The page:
Both consumer and fleet leases take advantage of the same benefits of leasing, in that the lessee is only paying for the portion of the car or truck actually used. But what's best? - Photo:...

Both consumer and fleet leases take advantage of the same benefits of leasing, in that the lessee is only paying for the portion of the car or truck actually used. But what's best? 

Photo: Work Truck 

You see the advertisements: a 2010 Toyota Prius for only $179 a month for 36 months with $1,999 due at lease signing. It's usually followed by an exclamation point or two. You think, "I'm going to take advantage of this fantastic deal and put 10 of my account reps in those!"

If you're new to the concept of leasing for business and perhaps even new to the world of fleets in general, you might be wondering why those consumer leases look so much more attractive than a quote that a fleet leasing company might offer you.

It's a fair question. The answer is inherent to the nature of fleet leasing versus consumer leasing.

Both consumer and fleet leases take advantage of the same benefits of leasing, in that the lessee is only paying for the portion of the car or truck actually used. This results in a lower cash outlay, offers sales tax benefits and alleviates the hassle of having to sell the vehicle at the end of the term.

From here, consumer and fleet leases diverge.

Know the Difference

A consumer auto lease is written through a dealer or an independent car lease broker and financed by a bank or a captive funding company usually affiliated or owned by an auto manufacturer. The vehicle's residual value is set by the funding company. The term is generally set from two to four years; mileage is capped at 10,000- to 15,000-miles per year and the consumer is responsible for excessive wear and tear.

There are generally two types of fleet or commercial leases, open- or closed-end. A closed-end fleet lease resembles a consumer lease in that the residual value, term and mileage cap are predetermined.

In an open-end lease the lessee assumes responsibility for the vehicle's actual market value at the end of term; therefore there are no mileage or wear and tear charges. The term is open after 12 months of service.

Both closed- and open-end fleet leases are written by fleet leasing and management companies (affiliated with dealerships or as independents) that offer a range of fleet-related services beyond the financing of the vehicle.

Do the Payment Math

Consumer lease advertisements lead with the monthly payment amount. But the story changes when factoring in the down payment, which can be considerable. Dividing the "due at signing" amount over the term of the lease can add another $100 to the monthly cost. 

An inherent benefit to a fleet lease is the lack of a down payment, which is advantageous for a business from a cash flow standpoint.

Help Get Me Out of This!

Terminating a consumer lease before end of term will trigger penalties and fees and can damage your credit if you try to walk away from the lease.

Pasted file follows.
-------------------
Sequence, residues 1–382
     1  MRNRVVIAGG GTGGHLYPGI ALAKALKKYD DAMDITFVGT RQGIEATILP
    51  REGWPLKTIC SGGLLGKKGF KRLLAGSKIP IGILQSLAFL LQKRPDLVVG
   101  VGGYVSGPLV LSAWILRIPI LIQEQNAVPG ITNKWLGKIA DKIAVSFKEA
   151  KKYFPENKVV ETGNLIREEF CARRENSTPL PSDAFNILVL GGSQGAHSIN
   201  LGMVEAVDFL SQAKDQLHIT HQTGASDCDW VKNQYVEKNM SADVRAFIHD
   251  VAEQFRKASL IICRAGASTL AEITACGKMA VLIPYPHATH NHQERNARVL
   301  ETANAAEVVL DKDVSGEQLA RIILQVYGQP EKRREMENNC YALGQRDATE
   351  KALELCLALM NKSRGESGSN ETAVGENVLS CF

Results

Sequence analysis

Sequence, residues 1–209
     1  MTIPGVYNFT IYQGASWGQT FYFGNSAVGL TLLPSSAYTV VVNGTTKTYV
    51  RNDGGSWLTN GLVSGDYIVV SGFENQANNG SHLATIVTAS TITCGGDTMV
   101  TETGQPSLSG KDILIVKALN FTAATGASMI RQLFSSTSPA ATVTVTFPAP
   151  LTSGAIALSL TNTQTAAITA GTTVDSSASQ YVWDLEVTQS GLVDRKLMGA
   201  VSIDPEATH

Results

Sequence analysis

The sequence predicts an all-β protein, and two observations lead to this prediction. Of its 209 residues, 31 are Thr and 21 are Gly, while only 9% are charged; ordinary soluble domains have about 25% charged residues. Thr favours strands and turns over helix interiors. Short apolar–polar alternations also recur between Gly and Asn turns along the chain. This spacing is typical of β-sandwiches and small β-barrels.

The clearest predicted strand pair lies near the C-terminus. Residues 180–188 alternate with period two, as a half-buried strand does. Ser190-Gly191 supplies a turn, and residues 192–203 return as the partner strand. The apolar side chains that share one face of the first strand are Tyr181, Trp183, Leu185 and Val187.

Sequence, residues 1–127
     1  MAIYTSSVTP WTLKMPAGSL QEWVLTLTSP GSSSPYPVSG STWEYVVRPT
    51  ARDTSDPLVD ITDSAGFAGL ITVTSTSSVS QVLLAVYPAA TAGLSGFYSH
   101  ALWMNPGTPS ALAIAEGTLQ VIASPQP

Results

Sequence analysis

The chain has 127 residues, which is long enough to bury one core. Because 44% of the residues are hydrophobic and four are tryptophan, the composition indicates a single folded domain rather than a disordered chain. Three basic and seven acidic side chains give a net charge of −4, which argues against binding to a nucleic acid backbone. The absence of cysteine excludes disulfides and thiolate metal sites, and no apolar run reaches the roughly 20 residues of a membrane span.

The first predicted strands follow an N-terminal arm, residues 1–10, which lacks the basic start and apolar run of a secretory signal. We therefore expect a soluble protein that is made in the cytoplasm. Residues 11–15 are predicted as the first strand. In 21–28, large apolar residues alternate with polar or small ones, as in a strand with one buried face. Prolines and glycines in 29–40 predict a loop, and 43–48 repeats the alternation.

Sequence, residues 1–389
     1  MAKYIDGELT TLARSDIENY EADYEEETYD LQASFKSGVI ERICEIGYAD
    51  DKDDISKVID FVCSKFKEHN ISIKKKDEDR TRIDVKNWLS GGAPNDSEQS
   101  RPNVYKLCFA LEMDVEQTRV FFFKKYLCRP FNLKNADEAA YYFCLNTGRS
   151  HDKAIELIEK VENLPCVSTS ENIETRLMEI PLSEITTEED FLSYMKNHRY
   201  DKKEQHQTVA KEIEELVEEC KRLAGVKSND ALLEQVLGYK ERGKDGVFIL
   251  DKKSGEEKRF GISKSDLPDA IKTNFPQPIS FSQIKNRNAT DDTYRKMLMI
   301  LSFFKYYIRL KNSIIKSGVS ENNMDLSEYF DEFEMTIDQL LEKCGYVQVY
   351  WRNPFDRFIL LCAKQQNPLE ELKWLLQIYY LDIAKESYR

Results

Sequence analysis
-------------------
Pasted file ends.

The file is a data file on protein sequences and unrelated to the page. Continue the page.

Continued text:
However, for a fee and minus the penalties, specialized lease transfer companies such as Lease Trader and connect consumers looking to exit their leases with new lessees. And it is possible for the consumer to sell the car himself and return what is owed on the car to the bank.

Open-end fleet leases can be terminated at any time after 12 months. Closed-end fleet leases, though set for a specific term, can be (in most cases) renegotiated with the leasing company. This flexibility is critical for commercial accounts, as drivers, mileage and financial conditions change regularly in the business world.

"You can't anticipate what your requirements are going to be over the next three or four years except to the extent that you know they'll be different than they are today," says Jack Leary, president of Motorlease, a fleet leasing and management company based in Farmington, Conn.

Avoid Mileage Pain

Low monthly rates for consumer leases are possible because they have caps of 10,000- to 15,000 annual miles. Mileage penalties on consumer leases run from 10- to 25-cents a mile. The penalty will be hefty for the consumer who puts an extra 3,000 miles on the vehicle.

Again, open-end fleet leases do not have a mileage cap. Mileage caps for closed-end fleet leases are custom written to the company's driving patterns, which, as you are probably well aware, call for many more annual miles. There are mileage penalties for closed-end fleet leases but they are less than those for consumer leases.

This is where lease flexibility comes into play: If your drivers expand their territories and are now driving 25,000 miles per year instead of 20,000, talk to your leasing company. You should be able to renegotiate the lease midstream. You won't get those miles for free, but the lessor can restructure the lease to reflect the new residual value of the car with the higher miles, which will end up substantially less than the mileage penalty cost.

Getting Dinged for Dents

When you return a consumer lease, a condition report is taken on behalf of the finance company and you'll be billed for excessive "wear and tear." Be sure to understand what constitutes excessive wear and tear in your consumer lease contract.  

Closed-end fleet leases have a wear and tear stipulation as well. However, the assessment on a consumer lease is generally stricter than on a fleet lease, as the financing company is looking for a more retail-ready unit.

On a closed-end fleet lease,- the leasing company will also assess a charge for the reasonable cost to fix the damage, though the leasing company enjoys better wholesale repair rates, which can be passed on to the lessee.

"We [fleet lessors] expect to get back a fleet-type car," says Jeff Barron, president of Ellis Brooks Leasing, a fleet leasing and management company based in San Francisco. "We're going to take it to the auction knowing it's supposed to have some nicks and dings."